Guest blog: How the cloud can improve biometric identification systems
31 October 2014 13:59 GMT

Cloud-based biometric system reduce costs, but there are often security and connectivity issues.

By Tanvir Ahmed

Automated Fingerprint Identification Systems (AFIS) have already become a widely accepted platform in many law enforcement agencies for identifying criminals in one to many (1:N) fingerprint search environments against registered latent prints.

Modern law enforcement agencies are now implementing an advanced version of AFIS with multimodal capabilities (called Automated Biometric Identification Systems or ABIS) to improve their ability to track and identify national security threats.

ABIS and cloud ABIS

ABIS offers a more reliable and accurate multimodal biometric identification system, because it can combine any biometric modality, including fingerprint, finger vein, palm vein, palm print, iris, facial, voice and DNA. These systems expand well beyond traditional AFIS architectures that usually rely on a unimodal system, most often fingerprint recognition.

Cloud-based ABIS systems are the most recent and flexible update to biometric identification technology, and offer a wide range of advantages to advance the adoption of biometrics in different verticals to achieve different goals.

Cloud-based ABIS opens up new opportunities for governments to utilize the power of biometric identification management. Government agencies/departments that can use this platform include election commissions, customs and border protection, and national identity and health departments.

Biometrics in the cloud

Cloud-based biometric technology can utilize cloud services through a web-based user interface, which can either be a browser or a mobile application. The basic layout of any biometric identification system is more or less same for any platform or modality.

Although both the software part and the biometric database are moved to the cloud, there are a number of aspects which are specific to a cloud-based system - such as real-time and parallel processing capabilities - that can make it more appealing.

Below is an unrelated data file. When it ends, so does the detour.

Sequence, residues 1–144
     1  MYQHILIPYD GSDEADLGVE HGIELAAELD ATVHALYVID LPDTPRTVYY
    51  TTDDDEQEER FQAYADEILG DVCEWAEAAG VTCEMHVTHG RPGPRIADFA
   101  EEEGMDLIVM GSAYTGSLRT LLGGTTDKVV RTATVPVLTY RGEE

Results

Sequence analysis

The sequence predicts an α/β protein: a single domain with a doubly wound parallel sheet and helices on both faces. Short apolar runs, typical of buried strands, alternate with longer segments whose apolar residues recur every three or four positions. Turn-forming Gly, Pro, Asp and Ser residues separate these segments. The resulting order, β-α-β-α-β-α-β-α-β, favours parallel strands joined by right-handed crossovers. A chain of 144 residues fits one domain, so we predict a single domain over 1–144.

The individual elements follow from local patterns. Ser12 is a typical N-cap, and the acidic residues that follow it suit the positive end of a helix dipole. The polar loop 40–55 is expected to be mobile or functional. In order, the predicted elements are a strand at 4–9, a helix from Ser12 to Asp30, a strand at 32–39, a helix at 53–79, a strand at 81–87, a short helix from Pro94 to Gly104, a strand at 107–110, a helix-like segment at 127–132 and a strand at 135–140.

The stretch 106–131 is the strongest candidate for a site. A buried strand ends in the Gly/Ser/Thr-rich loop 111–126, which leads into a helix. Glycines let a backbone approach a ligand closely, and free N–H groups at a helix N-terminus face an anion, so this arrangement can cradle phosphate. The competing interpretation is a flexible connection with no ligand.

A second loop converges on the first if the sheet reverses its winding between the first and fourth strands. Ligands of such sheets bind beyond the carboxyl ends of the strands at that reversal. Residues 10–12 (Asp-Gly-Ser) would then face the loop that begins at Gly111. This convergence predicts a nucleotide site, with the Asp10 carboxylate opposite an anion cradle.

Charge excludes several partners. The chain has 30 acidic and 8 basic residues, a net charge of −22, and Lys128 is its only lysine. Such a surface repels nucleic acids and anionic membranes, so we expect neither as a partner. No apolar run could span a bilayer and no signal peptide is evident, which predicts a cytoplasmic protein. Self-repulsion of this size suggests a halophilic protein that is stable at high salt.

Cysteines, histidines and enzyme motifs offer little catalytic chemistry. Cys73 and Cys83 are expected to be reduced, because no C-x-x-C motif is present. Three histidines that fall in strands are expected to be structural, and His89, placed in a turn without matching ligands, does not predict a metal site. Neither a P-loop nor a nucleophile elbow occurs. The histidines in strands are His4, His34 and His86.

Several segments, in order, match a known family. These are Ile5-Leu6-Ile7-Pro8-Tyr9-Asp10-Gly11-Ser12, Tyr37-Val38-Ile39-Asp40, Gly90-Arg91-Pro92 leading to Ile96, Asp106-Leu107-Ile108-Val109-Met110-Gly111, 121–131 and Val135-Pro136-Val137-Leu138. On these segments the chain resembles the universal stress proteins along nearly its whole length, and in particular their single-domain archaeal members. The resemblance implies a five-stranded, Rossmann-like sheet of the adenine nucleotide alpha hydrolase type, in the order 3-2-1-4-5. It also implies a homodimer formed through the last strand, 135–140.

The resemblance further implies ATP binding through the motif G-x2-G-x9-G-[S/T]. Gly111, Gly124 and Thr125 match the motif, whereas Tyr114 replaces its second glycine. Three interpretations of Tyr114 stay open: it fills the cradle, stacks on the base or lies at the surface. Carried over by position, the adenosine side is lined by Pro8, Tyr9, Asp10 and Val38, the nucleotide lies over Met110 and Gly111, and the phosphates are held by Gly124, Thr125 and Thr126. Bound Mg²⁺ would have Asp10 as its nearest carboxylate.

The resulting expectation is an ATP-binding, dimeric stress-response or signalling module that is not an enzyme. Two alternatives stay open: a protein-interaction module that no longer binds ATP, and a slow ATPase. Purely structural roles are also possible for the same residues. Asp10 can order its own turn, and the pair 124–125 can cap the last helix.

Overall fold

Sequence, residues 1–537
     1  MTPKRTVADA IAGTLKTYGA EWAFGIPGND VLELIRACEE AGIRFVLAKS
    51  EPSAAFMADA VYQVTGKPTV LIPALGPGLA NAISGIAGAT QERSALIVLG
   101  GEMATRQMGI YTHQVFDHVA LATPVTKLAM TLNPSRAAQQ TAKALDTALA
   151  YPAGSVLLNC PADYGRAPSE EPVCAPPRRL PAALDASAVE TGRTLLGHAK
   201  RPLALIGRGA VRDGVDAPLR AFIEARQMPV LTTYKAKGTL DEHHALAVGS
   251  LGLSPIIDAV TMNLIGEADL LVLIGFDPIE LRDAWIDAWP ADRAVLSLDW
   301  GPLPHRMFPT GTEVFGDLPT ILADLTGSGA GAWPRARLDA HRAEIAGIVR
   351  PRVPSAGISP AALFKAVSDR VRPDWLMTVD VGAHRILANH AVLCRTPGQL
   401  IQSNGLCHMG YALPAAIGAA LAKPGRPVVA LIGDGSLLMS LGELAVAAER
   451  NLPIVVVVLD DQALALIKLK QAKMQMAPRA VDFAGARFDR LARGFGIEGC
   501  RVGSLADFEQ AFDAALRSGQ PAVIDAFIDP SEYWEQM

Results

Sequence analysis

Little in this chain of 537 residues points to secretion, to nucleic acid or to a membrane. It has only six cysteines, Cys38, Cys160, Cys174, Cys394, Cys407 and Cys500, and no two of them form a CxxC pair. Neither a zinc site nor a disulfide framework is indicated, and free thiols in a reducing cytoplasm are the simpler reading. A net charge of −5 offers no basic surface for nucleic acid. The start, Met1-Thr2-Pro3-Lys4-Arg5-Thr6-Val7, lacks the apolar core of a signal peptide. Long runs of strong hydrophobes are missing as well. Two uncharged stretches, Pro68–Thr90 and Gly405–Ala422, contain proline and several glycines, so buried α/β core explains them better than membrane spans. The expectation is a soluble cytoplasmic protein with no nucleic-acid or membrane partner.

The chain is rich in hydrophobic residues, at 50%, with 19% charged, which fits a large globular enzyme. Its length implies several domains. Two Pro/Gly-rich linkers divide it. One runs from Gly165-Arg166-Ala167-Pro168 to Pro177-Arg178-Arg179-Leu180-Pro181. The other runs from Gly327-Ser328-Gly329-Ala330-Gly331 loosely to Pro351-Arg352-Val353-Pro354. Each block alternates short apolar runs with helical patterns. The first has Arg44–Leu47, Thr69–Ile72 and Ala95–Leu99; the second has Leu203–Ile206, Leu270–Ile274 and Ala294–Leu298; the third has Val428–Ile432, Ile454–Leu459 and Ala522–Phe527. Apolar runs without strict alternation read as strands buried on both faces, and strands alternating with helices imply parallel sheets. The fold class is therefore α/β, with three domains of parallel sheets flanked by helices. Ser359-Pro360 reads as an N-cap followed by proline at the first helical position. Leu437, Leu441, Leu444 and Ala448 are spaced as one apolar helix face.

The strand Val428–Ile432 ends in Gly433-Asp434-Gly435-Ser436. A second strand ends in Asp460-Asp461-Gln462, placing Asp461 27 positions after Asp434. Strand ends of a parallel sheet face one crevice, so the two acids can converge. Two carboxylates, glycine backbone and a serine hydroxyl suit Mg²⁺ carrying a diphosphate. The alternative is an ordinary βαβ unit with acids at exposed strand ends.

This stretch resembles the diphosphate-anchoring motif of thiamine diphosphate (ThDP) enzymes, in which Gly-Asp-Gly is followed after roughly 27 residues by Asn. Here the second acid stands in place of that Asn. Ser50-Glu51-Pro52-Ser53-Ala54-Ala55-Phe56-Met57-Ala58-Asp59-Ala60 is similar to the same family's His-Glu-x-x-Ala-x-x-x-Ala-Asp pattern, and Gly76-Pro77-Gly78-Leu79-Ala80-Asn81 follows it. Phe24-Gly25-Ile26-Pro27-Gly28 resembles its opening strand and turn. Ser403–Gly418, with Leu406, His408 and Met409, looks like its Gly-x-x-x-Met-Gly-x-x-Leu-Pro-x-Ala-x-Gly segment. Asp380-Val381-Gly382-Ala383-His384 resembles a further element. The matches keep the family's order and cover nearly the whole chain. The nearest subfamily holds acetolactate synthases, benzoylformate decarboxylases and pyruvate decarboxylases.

Figure 1: Biometrics on a cloud platform

Cloud computing is a highly active field of research and development. Cloud-based ABIS can be used on a local client (e.g. on the user’s computer) as well as on mobile devices to capture individual biometric traits.

However, there are both advantages and potential drawbacks of cloud-based ABIS systems:

In terms of benefits, access to the ABIS application will likely be faster than existing platforms. Hosting in the cloud doesn’t require scheduled maintenance or software updates, and there is typically a reduction of system complexities.

Drawbacks include the fact that cloud-based systems may not comply with local legislation. There are also legal, privacy, and data protection concerns linked to the storage of biometric data.

Cost comparison

Figure 2: Hypothetical cost comparison 

Automated Biometric Identification Systems previously cost millions of dollars to install and were originally only used by central governments. Moving ABIS systems to the cloud significantly reduces these costs.

Cost-wise, this new technology doesn't require any bulk database engines to store biometric data, which would reduce the initial setup and maintenance costs. Traditional servers capable of storing 10 million individual biometric traits usually cost hundreds of thousands of dollars, and also requires thousands of dollars for maintenance per year.


Cloud-based ABIS have an enormous potential market value to governments and law enforcement agencies all around the world. ABIS deployments in cloud-based environments could cut deployment cost more than 35% compared to traditional server based systems, making their deployment more feasible to governments and large organizations. 

However, cloud-based ABIS also face challenges. For example, the reality of possible downtime makes users dependent on the reliability of Internet connections. Secondly, there are security issues. Storing biometric templates and subject records in the cloud may trigger privacy concerns and data protection issues, all representing major challenges for the development process.

Tanvir Ahmed is a digital marketing analyst currently working at M2SYS. He has published articles on biometric identity management technology.

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